What are cookies in computers?
Also known as browser cookies or tracking cookies, cookies are small, often encrypted text files, located in browser directories. They are used by web developers to help users navigate their websites efficiently and perform certain functions. Due to their core role of enhancing/enabling usability and site processes, disabling cookies may prevent users from using certain websites.
Cookies are created when a user's browser loads a particular website. The website sends information to the browser which then creates a text file. Every time the user goes back to the same website, the browser retrieves and sends this file to the website's server. Computer cookies are created not just by the website the user is browsing but also by other websites that run ads, widgets, or other elements on the page being loaded. These cookies regulate how the ads appear or how the widgets and other elements function on the page.
Standard uses for browser cookies
Website servers set cookies to help authenticate the user if the user logs in to a secure area of the website. Login information is stored in a cookie so the user can enter and leave the website without having to re-enter the same authentication information over and over.
Session cookies are also used by the server to store information about user page activities so users can easily pick up where they left off on the website's pages. By default, web pages really don't have any 'memory'. Cookies tell the server what pages to show the user so the user doesn't have to remember or start navigating the site all over again. Cookies act as a sort of "bookmark" within the site. Similarly, cookies can store ordering information needed to make shopping carts work instead of forcing the user to remember all the items they put in the shopping cart.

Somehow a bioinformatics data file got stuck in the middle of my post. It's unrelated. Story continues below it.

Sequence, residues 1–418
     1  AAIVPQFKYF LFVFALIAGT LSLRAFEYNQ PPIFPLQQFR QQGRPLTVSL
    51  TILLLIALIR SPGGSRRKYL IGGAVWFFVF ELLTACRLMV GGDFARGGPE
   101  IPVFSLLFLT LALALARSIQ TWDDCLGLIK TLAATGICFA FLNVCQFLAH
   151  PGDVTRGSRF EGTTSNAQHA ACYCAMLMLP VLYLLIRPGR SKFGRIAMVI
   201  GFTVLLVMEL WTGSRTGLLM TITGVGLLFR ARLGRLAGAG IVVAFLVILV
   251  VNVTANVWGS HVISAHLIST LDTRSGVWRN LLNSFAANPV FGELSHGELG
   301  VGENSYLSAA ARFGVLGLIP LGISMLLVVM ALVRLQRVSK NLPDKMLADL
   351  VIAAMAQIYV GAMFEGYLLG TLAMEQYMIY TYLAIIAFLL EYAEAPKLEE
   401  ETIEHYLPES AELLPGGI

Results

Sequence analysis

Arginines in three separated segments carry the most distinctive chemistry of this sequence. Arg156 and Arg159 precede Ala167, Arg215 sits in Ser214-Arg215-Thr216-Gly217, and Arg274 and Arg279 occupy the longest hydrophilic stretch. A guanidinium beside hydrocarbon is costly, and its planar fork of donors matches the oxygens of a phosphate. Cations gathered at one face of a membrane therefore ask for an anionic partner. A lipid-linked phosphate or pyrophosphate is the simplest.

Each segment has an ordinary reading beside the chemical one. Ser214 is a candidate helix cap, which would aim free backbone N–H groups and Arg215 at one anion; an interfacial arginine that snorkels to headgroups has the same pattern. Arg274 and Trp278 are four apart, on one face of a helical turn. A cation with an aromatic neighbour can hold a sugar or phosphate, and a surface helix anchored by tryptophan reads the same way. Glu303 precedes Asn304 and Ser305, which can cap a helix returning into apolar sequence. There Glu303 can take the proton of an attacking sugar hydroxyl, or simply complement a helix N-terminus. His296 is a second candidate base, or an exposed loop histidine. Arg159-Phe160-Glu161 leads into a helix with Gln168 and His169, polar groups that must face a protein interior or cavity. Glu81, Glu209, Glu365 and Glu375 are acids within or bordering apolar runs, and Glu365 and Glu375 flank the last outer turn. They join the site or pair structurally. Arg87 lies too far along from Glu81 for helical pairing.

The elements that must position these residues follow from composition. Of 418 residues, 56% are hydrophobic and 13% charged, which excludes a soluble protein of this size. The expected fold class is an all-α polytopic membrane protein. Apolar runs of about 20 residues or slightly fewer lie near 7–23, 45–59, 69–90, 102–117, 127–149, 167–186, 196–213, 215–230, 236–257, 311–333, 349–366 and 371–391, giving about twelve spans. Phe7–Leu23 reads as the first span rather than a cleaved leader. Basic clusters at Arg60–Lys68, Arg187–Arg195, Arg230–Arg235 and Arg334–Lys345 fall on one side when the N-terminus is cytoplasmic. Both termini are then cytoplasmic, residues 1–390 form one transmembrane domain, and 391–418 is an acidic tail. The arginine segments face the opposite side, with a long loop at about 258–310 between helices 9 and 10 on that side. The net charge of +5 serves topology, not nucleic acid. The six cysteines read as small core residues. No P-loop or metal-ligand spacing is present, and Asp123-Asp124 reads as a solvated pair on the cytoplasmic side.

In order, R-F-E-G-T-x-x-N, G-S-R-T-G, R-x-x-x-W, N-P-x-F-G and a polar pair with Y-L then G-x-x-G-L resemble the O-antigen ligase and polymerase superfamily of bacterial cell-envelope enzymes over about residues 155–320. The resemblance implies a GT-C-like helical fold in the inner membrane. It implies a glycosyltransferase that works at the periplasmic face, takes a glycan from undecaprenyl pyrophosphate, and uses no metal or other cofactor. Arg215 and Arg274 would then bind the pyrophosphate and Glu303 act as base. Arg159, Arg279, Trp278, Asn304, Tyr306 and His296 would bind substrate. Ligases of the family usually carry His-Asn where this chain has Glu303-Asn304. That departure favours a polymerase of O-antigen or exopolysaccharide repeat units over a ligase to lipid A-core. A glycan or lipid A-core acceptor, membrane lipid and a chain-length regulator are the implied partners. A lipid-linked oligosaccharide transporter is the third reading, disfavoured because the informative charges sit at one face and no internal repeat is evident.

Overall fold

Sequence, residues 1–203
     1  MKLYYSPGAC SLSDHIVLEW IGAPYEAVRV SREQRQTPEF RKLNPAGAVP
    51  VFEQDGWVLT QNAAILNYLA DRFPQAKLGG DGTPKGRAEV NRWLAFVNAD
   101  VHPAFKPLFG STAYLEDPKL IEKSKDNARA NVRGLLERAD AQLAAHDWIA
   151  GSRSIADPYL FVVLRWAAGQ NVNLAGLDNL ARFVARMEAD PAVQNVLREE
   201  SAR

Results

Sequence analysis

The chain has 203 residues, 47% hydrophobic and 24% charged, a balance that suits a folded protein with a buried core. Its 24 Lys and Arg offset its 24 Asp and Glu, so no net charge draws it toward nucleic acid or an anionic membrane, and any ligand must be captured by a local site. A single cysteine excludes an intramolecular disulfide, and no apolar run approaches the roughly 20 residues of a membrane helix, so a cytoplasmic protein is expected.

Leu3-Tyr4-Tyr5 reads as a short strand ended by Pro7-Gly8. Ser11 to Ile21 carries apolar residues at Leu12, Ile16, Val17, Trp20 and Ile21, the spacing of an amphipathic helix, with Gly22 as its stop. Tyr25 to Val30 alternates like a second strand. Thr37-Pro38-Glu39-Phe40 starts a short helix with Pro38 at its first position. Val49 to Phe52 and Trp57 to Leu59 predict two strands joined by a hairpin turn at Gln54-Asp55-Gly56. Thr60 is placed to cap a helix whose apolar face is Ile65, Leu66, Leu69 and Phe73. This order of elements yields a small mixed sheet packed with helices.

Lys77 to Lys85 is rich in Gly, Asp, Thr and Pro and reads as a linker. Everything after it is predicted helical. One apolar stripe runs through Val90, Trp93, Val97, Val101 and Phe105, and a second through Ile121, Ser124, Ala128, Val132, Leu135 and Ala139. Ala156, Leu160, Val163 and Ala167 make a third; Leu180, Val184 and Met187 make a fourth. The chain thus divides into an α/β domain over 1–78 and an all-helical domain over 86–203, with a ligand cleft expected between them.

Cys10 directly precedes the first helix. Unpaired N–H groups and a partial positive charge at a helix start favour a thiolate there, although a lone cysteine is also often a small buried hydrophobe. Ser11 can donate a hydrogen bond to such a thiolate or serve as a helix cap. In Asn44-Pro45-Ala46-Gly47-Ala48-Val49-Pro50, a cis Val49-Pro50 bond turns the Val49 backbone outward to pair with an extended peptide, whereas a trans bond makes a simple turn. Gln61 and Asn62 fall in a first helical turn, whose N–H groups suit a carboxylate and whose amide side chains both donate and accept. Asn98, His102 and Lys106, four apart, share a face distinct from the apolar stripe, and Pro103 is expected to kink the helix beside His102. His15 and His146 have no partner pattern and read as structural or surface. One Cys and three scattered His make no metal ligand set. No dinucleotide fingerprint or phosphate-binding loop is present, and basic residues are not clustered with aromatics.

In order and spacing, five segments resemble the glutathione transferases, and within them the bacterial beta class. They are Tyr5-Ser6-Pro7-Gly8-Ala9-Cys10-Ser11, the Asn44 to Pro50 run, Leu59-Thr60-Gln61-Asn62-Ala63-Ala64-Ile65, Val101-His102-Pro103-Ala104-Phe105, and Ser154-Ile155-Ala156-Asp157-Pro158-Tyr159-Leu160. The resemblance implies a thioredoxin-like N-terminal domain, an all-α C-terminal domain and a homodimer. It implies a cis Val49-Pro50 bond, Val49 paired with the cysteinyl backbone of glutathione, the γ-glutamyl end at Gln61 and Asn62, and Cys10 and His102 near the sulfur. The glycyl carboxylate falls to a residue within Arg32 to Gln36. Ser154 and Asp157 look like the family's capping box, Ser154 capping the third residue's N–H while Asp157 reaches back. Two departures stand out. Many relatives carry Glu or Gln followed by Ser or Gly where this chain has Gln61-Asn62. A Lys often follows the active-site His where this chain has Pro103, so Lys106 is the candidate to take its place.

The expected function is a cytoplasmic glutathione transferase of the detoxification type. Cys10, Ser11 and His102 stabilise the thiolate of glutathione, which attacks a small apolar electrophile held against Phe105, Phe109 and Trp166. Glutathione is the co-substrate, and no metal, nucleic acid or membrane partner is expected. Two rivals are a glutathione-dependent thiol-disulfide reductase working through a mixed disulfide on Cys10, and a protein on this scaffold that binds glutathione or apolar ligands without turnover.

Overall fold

Persistent or tracking cookies are also employed to store user preferences. Many websites allow the user to customise how information is presented through site layouts or themes. These changes make the site easier to navigate and/or lets a user style a site in accordance with their preferences.
Cookie security and privacy issues
Cookies are NOT viruses. Cookies use a plain text format. They are not compiled pieces of code so they cannot be executed nor are they self-executing. Accordingly, they cannot make copies of themselves and spread to other networks to execute and replicate again. Since they cannot perform these functions, they fall outside the standard virus definition.
Cookies CAN be used for malicious purposes, though. Since they store information about a user's browsing preferences and history, both on a specific site and browsing among several sites, cookies can be used to act as a form of spyware. Many anti-spyware products are well aware of this problem and routinely flag cookies as candidates for deletion after standard virus and/or spyware scans, even though the vast majority are completely harmless.